here's a paper i prepared when i turned 25. i'm uploading it for posterity purposes. *** The exodus of Filipinos into foreign lands is an increasingly alarming phenomenon which distresses more this country that already agonizes over dismal political and economic (under)developments. While poverty in the Philippines and the conversely greener pastures abroad are the main reasons for the Filipino Diaspora, the Developed countries seem to fish into our troubled waters by recruiting more Filipinos to join their workers. It is not far-fetched then that this piracy (as opposed to the traditional sea banditry in terrorist lairs or the simulacrum-based audio/video postmodern stealing) is a neocolonialist policy for Western imperialists. The First World recruits Third World-based laborers in order to render Developing countries’ economies dependent to the former. In the past, the first, Spain-bound expatriates in the likes of Jose Rizal and the rest of his ilustrado colleagues got to study in the mother country because they were way too capable of supporting scholarship,as against the lesser fortunate indios who had to subsist in Catholic discourses taught languidly by friars. These expatriates acquired modern erudition their brilliance merited, as the ill-meaning conquistadors fiercely held on to their worldview that the monkeys they were ruling should be given the most mediocre education tolerable, in order to continue colonizing them. The paradigm was subverted when the Americans took their turn to be kings of the islands. Instead of mimicking its predecessor Spain in teaching moral subservience and religious pedagogy, the United States encouraged sending off pensionados to the Land of Milk and Honey where the Filipino intellectuals would be trained professionally.The ends would not be for the natives, nonetheless. When these scholars were fed enough Americanism to return to the archipelago as prototype Americans, they would think for and administer the country just like the colonizing Father. The superficial beauty of American benevolence was nothing but a new sheepskin covering the proverbial fox. The postwar must have bombed away the stubborn tentacles of what resembled colonialism, only to spawn—among new republics at that—the seeming subtle form of Western imperialism that is neocolonialism. Invented in 1961, the term neocolonialism is defined in Merriam-Webster as “the economic and political policies by which a great power indirectly maintains or extends its influence over other areas or people.”In the case of the Philippines, its colonizing father the U.S. continues to hound it with the multifaceted presence of White House expansionist policies, multinational corporations, Hollywood and MTV cultures, and the English mother tongue. The economic neocolonial policy of Uncle Sam does not merely rest on the establishment of leading capitalist companies like McDonald’s, Procter and Gamble or Coca-Cola;the superpower has long imported Filipino laborers to help in American nation-building, from the lowly tuna-salmon canners in Alaska and pineapple pickers in Hawaii of old to the present-day teachers and healthcare workers across the states. Why the need for the U.S. to resort to neocolonialism? Because this is relatively met with fewer, openly remarked stings from the global community than when direct takeover is enacted, as when American troops refused to leave Iraq after the very recent fall of Saddam Hussein’s dissident regime. According to the National Statistics Office, our 80 million-strong Third World nation has 3.99 million or 10.9% of its labor force registered “unemployed,” the highest jobless rate in Asia.It is difficult when 5% of the populace has no work—people do the extreme from stealing food to wishing to become First World citizens—so a great number of Filipinos set their sight toward the lure of overseas employment. To be more statistical about it, a total of 7.4 million comprises the Overseas Filipino Workers (OFWs) around the world. That means almost 10% of Pinoys are expatriates working as teachers, engineers, “nurses, caregivers, entertainers, seamen, doctors and domestic helpers.”In true Pinoy fashion of self-mockery, local essayist Jessica Zafra presented a simple plan for world domination: for us to send our tsimays (maids) crisscrossing the globe and then holding domestic hostage of the powers-that-be.But the Filipino Diaspora is more than just laughing matter, since generally, this capitalization on Developing countries’ human resources cements the West’s stature as First World, and manifests a new concept of master-slave relationship that is no different from feudal ties of old or current-day capitalist-laborer ties. All these to the detriment of professionals’ countries of origin, the Philippines included. The West’s neocolonialist policy of pirating Filipino professionals is an answer to the growing need of Developed countries for healthcare workers to look after the sick and the elderly, for instance. In fact, the country “has been the top exporter of nurses and the second top exporter of doctors in the world for more than 30 years now.”It is highly likely that these medical workers’ employers were too busy making money to supervise personally their patients. Besides, the employers can leave the care for the patients to the nurses and doctors since the former can pay for the services. And pay high, in contrast to the pittance of a salary that the healthcare workers are paid in the country. The demand for nurses and caregivers abroad—one million in U.S. in the next 15 years whereas hundreds of thousands in Canada and Europe—is predicted to continue for decades, according to the Alliance of Health Workers,hence some medical doctors shift to nursing in the hope of getting hired as nurses in other countries, and nurses get employment as caregivers,an obvious underemployment and deskilling which are a feature of neocolonialist ploy. Right now, half of the 50,000 Technical Education and Skills Development Authority (TESDA)-trained caregivers “are now employed abroad.”The accelerating pace of brain drain has contributed to the aggravation of what Health Alliance for Democracy termed as “national hemorrhage.” The bleak scenario in the medical profession is the same in the disciplines of teaching, engineering, and the like. For lack of better wages hereabouts, a significant number of teachers are forced to migrate to, say, New Zealand, Great Britain and the united States, where these teachers do not expect to teach mercifully in overcrowded, dilapidated classrooms or worse, under the tree shade, and be underpaid for all the zeal and talent they show in the educative process. Meanwhile, engineers are equally in demand in Developed countries if only for the tremendous help they give in literally building the nations (with infrastructures, skyscrapers, service and transport systems) they work in. Data coming from the Philippine Overseas Employment Agency point to the escalating number of migrant workers, with .6 million Filipinos finding work abroad in the first seven months of 2005. Roughly 3, 000 citizens leave the native soil daily, which could mean that in a few years’ time, the country’s healthcare, education and engineering systems would collapse for lack of specialists in these fields. Owing to this, the quality of graduates we produce is jeopardized with our best teachers absent, our healthcare endangered with our very medical officers going export-oriented, and our civilization’s structures weakened with our own engineers building the empires of our neocolonizers. The exodus of our professionals may, for one, be attributed to the lack of job opportunities around or if there are, these offer meager salaries inadequate to support the cost of living in the country. As a neocolonialist tactic, the West attracts our professionals with just what they want: stable, high-paying jobs that will remain a distant dream should our professionals stubbornly ground themselves in the Philippines. This economic hostage by the West is equated to the mythical Scylla and Charybdis: in this dilemma, we give away our nation-builders or the first World will cease pumping our economy. It is not a hidden fact that our OFWs’ remittances, the third largest in the world at 7.9 Billion,< sustains the languishing Philippine economy as well as feeds the OFWs’ love ones home. Furthermore, the demand for OFWs reflects their comparative advantage skills-wise, although now threatened by stricter measures of foreign employment first in Japan, Malaysiaand South Korea. This demand, however, likewise reflects neocolonialism in that our professionals get pirated; more professionals in the First World mean fortified and continued development in that side of the political universe, at our country’s expense. The West pirates them if only to exploit their brilliance for First World countries’ selfish ends. Some of our expatriate workers are even willing victims because they go undocumented just to land a job abroad. The neocolonialist ploy of economic hostage rears its ugly head when our workers disregard the hazards of leaving and of possible reversal of fortune (getting murdered like entertainer Maricris Sioson, scientist Victoria Suller, and nanny Delia Maga, or getting hostaged like Angelo dela Cruz and Roberto Tarongoy) just so they can feed the family. The worsening political situation causes our professionals to seek more stable jobs abroad. With the government’s ineptitude toward providing more jobs, upgrading working conditions and keeping investors, our professionals join the bandwagon of Diaspora. Nonetheless, this political decay may just be a neocolonialist tactic by the First World nations to lure professionals into more politically smooth countries such as theirs. The U.S., for one, always casts a shadow in the political happenings of our Manila government. The intervention of our former colonizer decades after we gained (?) independence is an ironic take; while political bickering exacerbates our economic meltdown, the professionals are pushed into trying better deployment overseas. The neocolonizer’s intervention in our politics maneuvers our professionals to envision more beneficial work opportunities in more politically stable First World nations. In the end, instead of working for their own people, our professionals get enslaved by the neo-gods of the First World. With our professionals doing the dirty labor, the Developed countrymen can focus on trendy, more lucrative professions of the present such as information technology or other science-inclined disciplines—fields that premodern societies like the Philippines can pursue only in many, many years’ time. Our professionals are pirated to do menial work just so the First Worlders can man other developmental aspects that will entrench their progressive standing. To resist this neocolonialist policy by the West, a government intervention should come in the way to stop the professionals piracy which depletes our pool of quality human resources. The national government is responsible in saving the Philippine politics and economy from complete deterioration, which admittedly pushed many to fly away. It must be able to persuade local and, if it cannot be helped, foreign investors into putting up businesses that will provide gainful employment for prospective workers. Also, the bureaucracy must be rid of massive corruption in order to earn the trust of these power players. These titanic jobs should not go off easily, but people in the government get their salary from the nation’s fund for them to perform their duties, so they might as well pay off what taxpayers deserve. An appeal for nationalism and vigilance should also come into play because the least our citizens can do is flee a country in distress. While it will be difficult to restrict people from moving out, the fortified patriotic values and sense of national identity will help prevent the uprooting of our people to be transplanted somewhere else. The alienation, discrimination and loss of identity are the possible risks awaiting those who go transcultural, hence the plea not to heed the neocolonial piracy of professionals and to stay home where they can still take pride and honor in their lesser-paying jobs and find fulfillment nonetheless. A demand for retribution from OFW-receiving countries should be considered because the country spends for the local professionalization of workers, only to be hired off abroad. “Ako ang nagsaing, iba ang kumain,” reads one of our proverbs, and we cannot let this happen to us because it is colonization all over again. With our weaker state, the First World continues to have us slavishly work at the mercy of their whip cracks. While it cannot be tolerated, the hiring of our professionals merits more remuneration for this manpower’s country of origin, whose money was spent in producing this competitive pool of human resources. It is further recommended that other studies be conducted regarding the repercussions of professionals’ exodus into pirating First World countries in relation to the persistent evils of neocolonialism.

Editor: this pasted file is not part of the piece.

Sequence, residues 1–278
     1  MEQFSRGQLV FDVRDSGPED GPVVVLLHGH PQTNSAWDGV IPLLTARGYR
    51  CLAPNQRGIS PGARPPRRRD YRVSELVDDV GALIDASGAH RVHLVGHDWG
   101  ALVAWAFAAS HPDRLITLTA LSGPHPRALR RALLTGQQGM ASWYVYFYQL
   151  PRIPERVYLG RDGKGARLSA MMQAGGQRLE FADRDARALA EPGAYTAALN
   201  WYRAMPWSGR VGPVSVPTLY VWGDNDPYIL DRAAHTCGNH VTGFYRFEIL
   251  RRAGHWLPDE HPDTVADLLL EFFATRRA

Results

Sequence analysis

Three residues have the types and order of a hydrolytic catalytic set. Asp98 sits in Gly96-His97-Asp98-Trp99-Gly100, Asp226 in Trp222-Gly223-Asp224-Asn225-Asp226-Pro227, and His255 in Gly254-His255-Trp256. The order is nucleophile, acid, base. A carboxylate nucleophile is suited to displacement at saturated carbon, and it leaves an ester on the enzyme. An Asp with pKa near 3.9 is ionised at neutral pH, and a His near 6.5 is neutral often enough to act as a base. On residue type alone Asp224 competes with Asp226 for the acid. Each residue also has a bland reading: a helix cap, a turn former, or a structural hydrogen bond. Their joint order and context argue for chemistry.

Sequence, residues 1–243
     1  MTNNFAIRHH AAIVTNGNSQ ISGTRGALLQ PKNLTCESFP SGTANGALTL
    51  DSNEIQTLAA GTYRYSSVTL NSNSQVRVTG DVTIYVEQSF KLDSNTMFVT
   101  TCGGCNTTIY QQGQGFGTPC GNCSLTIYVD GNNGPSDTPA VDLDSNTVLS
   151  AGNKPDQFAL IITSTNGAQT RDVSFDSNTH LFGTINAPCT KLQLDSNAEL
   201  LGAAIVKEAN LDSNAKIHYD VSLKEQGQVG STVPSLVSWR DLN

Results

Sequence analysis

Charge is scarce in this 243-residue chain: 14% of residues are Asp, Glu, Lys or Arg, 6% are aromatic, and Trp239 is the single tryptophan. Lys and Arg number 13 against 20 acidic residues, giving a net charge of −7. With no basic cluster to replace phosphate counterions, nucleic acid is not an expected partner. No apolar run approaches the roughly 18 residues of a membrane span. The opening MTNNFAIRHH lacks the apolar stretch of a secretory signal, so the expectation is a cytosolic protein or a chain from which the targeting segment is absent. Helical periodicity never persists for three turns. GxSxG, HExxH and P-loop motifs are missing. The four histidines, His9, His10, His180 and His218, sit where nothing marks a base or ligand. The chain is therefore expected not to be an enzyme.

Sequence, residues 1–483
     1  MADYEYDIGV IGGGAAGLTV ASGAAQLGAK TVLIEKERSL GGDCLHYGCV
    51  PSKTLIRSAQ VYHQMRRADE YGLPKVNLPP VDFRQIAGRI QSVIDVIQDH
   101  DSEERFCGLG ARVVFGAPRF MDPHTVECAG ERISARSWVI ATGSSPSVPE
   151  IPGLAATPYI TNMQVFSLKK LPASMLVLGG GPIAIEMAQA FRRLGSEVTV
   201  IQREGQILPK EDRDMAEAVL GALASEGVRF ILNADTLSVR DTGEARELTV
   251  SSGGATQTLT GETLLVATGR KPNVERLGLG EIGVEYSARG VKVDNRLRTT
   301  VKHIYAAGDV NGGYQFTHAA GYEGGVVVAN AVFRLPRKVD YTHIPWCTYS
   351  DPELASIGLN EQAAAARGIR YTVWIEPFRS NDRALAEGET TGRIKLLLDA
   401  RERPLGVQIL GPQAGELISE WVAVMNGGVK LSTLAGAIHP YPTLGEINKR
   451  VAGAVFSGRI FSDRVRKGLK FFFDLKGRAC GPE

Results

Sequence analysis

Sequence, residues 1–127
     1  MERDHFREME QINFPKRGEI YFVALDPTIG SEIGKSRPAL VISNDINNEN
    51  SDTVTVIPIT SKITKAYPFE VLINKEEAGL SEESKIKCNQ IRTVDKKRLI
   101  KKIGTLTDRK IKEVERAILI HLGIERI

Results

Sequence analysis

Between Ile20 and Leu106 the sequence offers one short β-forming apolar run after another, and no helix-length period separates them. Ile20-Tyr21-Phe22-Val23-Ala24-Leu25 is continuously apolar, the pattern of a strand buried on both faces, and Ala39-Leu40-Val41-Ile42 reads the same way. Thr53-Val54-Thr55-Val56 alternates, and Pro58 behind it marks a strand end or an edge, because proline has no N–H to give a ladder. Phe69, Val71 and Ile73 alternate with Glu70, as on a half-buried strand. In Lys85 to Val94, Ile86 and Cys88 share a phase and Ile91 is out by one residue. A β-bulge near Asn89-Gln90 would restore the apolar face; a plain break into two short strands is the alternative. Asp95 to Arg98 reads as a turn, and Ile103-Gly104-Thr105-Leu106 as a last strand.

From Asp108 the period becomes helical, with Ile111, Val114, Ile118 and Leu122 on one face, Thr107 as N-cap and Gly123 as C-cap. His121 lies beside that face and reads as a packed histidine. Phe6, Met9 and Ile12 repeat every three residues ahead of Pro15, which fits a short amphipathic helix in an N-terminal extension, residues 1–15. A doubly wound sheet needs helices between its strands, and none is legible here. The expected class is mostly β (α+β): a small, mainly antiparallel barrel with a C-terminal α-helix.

Bibliography: Adraneda, Katherine and Mayen Jaymalin. “Gov’t hit on exodus of medical workers.” In Philippine Star, September 21, 2005. Agoncillo, Teodoro. History of the Filipino People. Quezon City: Garotech Publishing, 1990. Bloomberg. “Jobless rate drops to 10.9% in July.” In Philippine Star, September 16, 2005. Crisostomo, Shiela. “WHO: RP must address exodus of health professionals.” In Philippine Star, September 20, 2005. Ellis, Beth, senior ed. The World Almanac Book of Facts. New Jersey: WRC Media Company, 2001. Gatdula, Donnabelle. “OFW remittances up 22% to $5.8B.” In Philippine Star, September 16, 2005. Jaymalin, Mayen. “Workers in Korea face salary cuts.” In Philippine Star, September 19, 2005. __________. “Malaysia also tightens hiring rules for foreign workers.” In Philippine Star, September 20, 2005 Mish, Frederick, ed. Merriam-Webster Collegiate Dictionary. Massachusetts: Merriam Webster, Inc., 1995. Zafra, Jessica. Twisted. Pasig City: Anvil, 1992.
 Agoncillo, Teodoro. History of the Filipino People. Quezon City: Garotech Publishing, 1990, 131. Ibid., 372. Mish, Frederick, ed. Merriam-Webster Collegiate Dictionary. Massachusetts: Merriam-Webster, Inc., 1995, 778. Ellis, Beth, senior ed. The World Almanac Book of Facts. New Jersey: WRC Media Company, 2001, 141-142.  Bloomberg. “Jobless rate drops to 10.9% in July.” In Philippine Star, September 16, 2005, B-1. Gatdula, Donnabelle. “OFW remittances up 22% to $5.8B.” In Philippine Star, September 16, 2005, B-1. Zafra, Jessica. Twisted. Pasig City: Anvil, 1992.  Adraneda, Katherine and Mayen Jaymalin. “Gov’t hit on exodus of medical workers.” In Philippine Star, September 21, 2005, A-28. Crisostomo, Shiela. “WHO: RP must address exodus of health professionals.” In Philippine Star, September 20, 2005, A-8.  Adraneda, Katherine and Mayen Jaymalin. “Gov’t hit on exodus of medical workers.” In Philippine Star, September 21, 2005, A-28. Ibid. Ibid.
 According to graphic data sourced from World Bank, picked up by the Philippine Star, September 16, 2005, B-1.  Jaymalin, Mayen. “Malaysia also tightens hiring rules for foreign workers.” In Philippine Star, September 20, 2005, A-12.  Jaymalin, Mayen. “Workers in Korea face salary cuts.” In Philippine Star, September 19, 2005, A-1.